To identify residues that contribute to formation of the E:S complex, we created eight mutants of residues within the crystallographically determined RNA−protein interface (): D40A, K42A, Y47F, H49A, K110A, K111A, K113A, and D143A. The anionic residues form direct and solvent-mediated substrate contacts. D40 forms an outer sphere coordination to a potassium ion located in the tetraloop of the SRL. D143 is the only other anionic residue that interacts with the substrate in any of the available structures. Cationic residues K42, K110, K111, and K113 form contacts to the SRL. K110 and K111 form salt bridges to phosphate oxygen atoms of the SRL RNA (>3.4 Å). Given its location, K42 is also expected to form a strong electrostatic interaction with the backbone (3.7 Å). In contrast, K113 is expected to form longer-range electrostatic interactions (~6.6 Å). K110, K111, and K113 form contacts to the bulged G motif, with K113 forming sequence-specific contacts to the bulged G. Y47 and H49 are in the active site. H49 is expected to carry a partial positive charge because its measured pKa of 7.7 in the presence of a dinucleotide substrate (21) is similar to the pH of 7.5 that was used in the assays. In contrast, Y47 is not charged and serves as a control.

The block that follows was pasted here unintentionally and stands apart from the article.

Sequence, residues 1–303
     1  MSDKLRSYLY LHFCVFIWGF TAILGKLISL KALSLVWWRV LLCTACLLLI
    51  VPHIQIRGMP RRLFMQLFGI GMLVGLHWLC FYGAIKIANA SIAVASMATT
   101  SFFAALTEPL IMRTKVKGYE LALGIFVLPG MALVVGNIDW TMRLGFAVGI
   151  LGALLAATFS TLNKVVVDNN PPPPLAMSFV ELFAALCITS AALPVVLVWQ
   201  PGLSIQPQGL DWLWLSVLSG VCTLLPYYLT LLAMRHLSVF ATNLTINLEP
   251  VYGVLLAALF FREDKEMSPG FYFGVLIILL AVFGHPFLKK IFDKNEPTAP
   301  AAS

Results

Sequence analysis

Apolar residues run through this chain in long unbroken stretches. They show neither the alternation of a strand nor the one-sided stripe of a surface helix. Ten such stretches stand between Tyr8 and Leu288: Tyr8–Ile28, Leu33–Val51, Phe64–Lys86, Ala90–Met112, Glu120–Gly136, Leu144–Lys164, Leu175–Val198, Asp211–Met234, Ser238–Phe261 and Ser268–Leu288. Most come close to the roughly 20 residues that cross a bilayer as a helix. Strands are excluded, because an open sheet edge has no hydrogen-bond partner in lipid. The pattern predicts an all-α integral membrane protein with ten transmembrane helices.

To test if the targeted residues affect formation of the E:S complex, we determined the change in salt dependence for SRL cleavage by mutants at these positions [Δn = nWt − nMut (Table (Table11 and Figure Figure1)].1)]. Cleavage of a 32P-labeled SRL oligonucleotide was performed at 37 °C under k2/K1/2 conditions (E0 K1/2, and S0 E0) in 10 mM Tris (pH 7.5) containing 0.05% Triton X-100 and 30−100 mM KCl. Other chloride salts show equivalent salt dependence for formation of the E:S complex (NH4Cl and LiCl; supplementary Figure 2A,B in ref (4)). The salt dependence of each mutant, n, is the slope of a plot of log k2/K1/2 versus log[KCl]; the value of n was then subtracted from that of the wild-type protein to yield the change in salt dependence, Δn, for each mutant. Mutation of a cationic residue that contributes to binding is expected to produce a smaller salt dependence (Δn > 0) because fewer cationic residues are available to interact with the anionic RNA substrate and therefore displace fewer anions from the RNA surface upon complex formation. Conversely, mutation of an anionic residue that contributes to binding is expected to produce a greater salt dependence (Δn < 0) because the net increase in positive charge strengthens the interactions with RNA and requires displacement of a greater number of ions from the RNA surface upon binding. Removal of a single protein charge from RNA−protein interfaces produced Δn values of ~0.5 (22,23). Mutation of residues that do not contribute to electrostatic binding is expected to result in little or no change in salt dependence (Δn ~ 0).